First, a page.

We believe that such a move would help restore the prestige and the authority of Parliament. Francis Maude has made an important step in this direction by his remit to the PASC.

5.   The remit of the PASC should be extended to oversee detailed reports on individual quangos submitted by the relevant Commons Select Committee

  The Civil Service is not the appropriate body to advise ministers on the abolition of NDPBs, because they have an interest. We believe that Commons Select Committees should assume this role for quangos which are relevant to their brief, and that this should be done under the overall direction of the PASC, with each Committee entitled to request such documentary and oral evidence from both the relevant NDPB and the department as it may require.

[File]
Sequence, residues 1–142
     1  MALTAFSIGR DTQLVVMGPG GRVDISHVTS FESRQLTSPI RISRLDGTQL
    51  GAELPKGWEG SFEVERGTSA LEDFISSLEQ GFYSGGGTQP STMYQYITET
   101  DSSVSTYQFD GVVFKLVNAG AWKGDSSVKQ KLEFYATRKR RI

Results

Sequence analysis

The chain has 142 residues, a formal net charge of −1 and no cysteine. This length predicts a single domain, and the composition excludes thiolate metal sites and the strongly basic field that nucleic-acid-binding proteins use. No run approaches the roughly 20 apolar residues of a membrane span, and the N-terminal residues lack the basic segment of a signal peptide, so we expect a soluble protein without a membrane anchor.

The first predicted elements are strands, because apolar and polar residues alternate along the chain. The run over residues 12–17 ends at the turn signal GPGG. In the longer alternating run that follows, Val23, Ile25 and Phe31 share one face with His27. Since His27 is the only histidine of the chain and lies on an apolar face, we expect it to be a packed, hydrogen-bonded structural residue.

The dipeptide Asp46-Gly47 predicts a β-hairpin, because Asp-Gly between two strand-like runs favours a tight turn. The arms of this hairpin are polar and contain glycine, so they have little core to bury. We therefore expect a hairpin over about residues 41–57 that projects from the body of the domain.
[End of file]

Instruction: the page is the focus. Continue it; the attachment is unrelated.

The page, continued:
November 2010